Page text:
“With the loss of the film business, Old Tucson has been finding ways to reinvent itself and keep itself relevant,” Hall said, “It used to be that 100 percent of their business was just being a film location. That was it.”
Old Tucson isn’t the only place that suffered. The Phoenix Film Office has reported its annual economic impact since 1990. In 2013, the Phoenix office brought in $13.7 million in revenue, but in 2004-05, before the year before the film credit went into effect, the Phoenix office had brought in $10 million more. The highest yearly revenue, during the film-credit years, was $54.4 million, meaning that in 2013 had almost a 75 percent decrease in revenue.
Hall believes that, with a state film office, the Tucson Film Office could double current revenues. Last year, the Tucson film office had only $10 million in revenue, and a lot of that was from commercials and other local short productions.
The state film office was cut, in part, because of the belt-tightening during the recession.
“I think you need to make sure without multipliers that it was a net neutral or a net positive in our budget,” said Rep. Ethan Orr (R-9). Orr said he thinks that a tax credit could work, but the one that expired in 2010 wasn’t productive enough.
This time around, there is no tax incentive to lure production, and only a $612,500 yearly budget for operating the proposed state office. Begay said that some legislators are fundamentally opposed to a film office because of a belief that it represents big government.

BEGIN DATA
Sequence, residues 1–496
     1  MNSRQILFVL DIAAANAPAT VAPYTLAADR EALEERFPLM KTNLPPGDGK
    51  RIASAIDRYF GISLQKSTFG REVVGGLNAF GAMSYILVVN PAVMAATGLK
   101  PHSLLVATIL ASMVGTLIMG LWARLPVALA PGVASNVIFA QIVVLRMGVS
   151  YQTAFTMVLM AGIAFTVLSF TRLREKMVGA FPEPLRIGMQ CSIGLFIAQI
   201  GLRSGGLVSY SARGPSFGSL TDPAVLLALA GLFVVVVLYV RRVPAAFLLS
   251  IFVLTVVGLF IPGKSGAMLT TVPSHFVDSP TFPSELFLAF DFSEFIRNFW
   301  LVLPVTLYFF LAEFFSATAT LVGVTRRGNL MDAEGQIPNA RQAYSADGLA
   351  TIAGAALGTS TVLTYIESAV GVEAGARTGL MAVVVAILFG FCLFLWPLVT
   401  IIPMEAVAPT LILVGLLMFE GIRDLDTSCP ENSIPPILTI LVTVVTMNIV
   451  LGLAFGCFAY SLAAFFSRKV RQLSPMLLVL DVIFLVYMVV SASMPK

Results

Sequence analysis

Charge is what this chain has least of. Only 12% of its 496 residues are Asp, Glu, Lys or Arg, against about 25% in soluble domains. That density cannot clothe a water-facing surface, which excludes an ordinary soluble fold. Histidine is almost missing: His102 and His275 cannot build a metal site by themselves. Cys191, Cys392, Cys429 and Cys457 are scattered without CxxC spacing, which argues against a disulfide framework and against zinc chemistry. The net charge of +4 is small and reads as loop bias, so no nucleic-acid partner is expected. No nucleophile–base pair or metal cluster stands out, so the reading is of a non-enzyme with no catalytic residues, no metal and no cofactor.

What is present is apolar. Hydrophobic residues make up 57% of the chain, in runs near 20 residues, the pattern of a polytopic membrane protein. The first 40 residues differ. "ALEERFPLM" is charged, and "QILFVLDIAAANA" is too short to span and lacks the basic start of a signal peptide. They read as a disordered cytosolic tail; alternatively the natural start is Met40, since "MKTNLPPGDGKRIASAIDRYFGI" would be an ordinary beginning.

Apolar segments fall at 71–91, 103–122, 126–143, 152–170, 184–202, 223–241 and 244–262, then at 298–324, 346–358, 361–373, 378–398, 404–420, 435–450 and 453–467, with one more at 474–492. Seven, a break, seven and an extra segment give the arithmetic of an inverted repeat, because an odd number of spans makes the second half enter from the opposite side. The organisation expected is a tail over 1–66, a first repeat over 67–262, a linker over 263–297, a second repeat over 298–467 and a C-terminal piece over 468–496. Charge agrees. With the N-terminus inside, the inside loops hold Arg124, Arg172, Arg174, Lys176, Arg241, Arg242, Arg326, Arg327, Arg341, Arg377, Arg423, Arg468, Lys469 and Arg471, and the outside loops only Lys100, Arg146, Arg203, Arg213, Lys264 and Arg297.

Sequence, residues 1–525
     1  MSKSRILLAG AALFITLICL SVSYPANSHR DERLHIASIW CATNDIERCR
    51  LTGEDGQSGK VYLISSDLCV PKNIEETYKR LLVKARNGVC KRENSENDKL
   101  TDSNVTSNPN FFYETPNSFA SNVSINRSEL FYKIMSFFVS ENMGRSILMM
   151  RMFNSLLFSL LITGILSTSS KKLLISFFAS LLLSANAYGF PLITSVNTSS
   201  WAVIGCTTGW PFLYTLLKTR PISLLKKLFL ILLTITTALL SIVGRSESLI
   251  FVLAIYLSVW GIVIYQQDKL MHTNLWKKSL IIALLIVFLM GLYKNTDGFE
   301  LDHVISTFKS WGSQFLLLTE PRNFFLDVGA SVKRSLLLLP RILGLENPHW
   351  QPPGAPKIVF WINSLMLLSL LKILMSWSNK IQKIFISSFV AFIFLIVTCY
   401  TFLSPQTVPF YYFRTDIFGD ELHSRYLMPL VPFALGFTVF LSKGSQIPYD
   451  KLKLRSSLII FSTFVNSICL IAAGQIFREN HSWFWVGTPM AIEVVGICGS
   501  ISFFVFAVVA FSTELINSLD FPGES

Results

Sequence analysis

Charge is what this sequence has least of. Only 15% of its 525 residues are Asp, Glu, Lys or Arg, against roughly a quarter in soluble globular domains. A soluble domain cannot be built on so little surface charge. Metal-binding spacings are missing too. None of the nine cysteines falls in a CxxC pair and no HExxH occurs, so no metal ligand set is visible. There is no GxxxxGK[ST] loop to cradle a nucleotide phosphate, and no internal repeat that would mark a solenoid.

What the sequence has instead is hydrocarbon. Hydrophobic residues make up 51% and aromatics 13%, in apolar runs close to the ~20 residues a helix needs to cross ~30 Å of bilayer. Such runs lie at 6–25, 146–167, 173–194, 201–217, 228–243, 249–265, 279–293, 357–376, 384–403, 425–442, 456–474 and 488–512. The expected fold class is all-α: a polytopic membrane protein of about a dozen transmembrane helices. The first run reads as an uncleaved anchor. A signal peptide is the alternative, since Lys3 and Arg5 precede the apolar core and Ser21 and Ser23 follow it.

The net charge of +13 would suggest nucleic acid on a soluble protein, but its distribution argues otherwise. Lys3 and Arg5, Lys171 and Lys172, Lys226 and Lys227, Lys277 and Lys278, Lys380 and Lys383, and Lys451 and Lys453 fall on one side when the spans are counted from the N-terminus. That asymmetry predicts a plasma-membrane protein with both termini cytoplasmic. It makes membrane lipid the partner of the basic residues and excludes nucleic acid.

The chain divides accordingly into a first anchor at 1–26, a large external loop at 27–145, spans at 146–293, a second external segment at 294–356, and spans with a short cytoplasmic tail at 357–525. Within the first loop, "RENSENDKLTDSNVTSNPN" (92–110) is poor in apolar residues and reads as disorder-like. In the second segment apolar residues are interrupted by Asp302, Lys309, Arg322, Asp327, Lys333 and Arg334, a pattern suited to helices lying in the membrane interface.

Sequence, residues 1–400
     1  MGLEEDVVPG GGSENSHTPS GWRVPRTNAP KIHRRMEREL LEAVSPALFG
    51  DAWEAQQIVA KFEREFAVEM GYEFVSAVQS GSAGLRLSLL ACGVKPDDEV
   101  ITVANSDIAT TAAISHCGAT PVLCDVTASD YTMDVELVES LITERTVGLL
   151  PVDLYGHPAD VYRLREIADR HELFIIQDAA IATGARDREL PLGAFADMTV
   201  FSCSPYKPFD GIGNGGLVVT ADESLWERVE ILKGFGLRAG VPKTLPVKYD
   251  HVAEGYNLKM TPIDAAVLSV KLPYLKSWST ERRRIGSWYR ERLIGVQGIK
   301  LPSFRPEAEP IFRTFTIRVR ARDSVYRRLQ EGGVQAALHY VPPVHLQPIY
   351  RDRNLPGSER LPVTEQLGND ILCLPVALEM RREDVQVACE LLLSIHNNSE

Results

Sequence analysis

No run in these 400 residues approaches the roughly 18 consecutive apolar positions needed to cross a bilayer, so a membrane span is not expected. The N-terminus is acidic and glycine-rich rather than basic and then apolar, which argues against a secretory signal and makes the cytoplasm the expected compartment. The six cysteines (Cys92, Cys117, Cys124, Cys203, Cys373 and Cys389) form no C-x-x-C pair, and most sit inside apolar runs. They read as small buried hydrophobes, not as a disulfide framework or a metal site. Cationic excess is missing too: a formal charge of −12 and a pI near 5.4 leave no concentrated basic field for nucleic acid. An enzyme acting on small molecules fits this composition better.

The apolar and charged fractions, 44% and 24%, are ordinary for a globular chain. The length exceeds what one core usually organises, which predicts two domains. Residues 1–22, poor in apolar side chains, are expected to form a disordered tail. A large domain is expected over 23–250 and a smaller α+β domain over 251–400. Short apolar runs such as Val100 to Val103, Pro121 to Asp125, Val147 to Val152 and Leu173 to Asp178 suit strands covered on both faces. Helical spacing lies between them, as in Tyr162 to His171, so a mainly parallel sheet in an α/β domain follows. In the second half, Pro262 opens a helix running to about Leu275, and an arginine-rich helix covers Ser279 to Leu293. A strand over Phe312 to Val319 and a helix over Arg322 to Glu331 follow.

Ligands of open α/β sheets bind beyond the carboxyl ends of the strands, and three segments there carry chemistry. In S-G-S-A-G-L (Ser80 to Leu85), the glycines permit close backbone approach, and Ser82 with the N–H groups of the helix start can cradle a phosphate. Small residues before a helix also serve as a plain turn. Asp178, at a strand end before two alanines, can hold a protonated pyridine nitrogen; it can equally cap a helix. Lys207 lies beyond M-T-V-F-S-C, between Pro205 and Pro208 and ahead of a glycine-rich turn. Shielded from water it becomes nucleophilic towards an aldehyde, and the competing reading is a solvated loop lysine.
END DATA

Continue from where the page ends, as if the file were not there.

“Many of the members here, especially those that are against that concept, feel that this should be an industry- or association-led initiative, meaning that it shouldn’t be the role of the government to create an office, to staff an office and to be a centerpoint for the industry,” Begay said.
What helped convince Begay of a film office’s worth was a trip to his district to see the making of a documentary about Navajo code-talkers. He said that the production spent more money in a hotel in three days than the hotel would typically have made in two weeks.
“For me it’s tourism, it’s hotels; it’s restaurants; it’s gaming — these are all the byproducts of this industry. For my district, which is largely rural, we rely on tourism as a big part of our economic base.”
For others, like Kucharo and Murray, it’s about preserving the grand tradition of filmmaking in the state.
“The industry has been here before the state was even a state,” Kucharo said, “There were production companies literally based in Arizona. They lived here, they worked here, and they made movies here.”
Murray wants to capitalize on that history, and make use of the landscapes that made the fundamental landscape of classic old Western movies.
“I’ve had actors run across the same plain John Wayne did. It’s an incredible history that we have in this state of filmmaking and it’s a shame not to further it,” Murray said.
Hall said she thinks that after a film office is created, there will be a revival in filmmaking in Arizona.
“Our state is a character in the films,” she said “We’re dramatic. It’s just money that we’re letting drive right through the state.”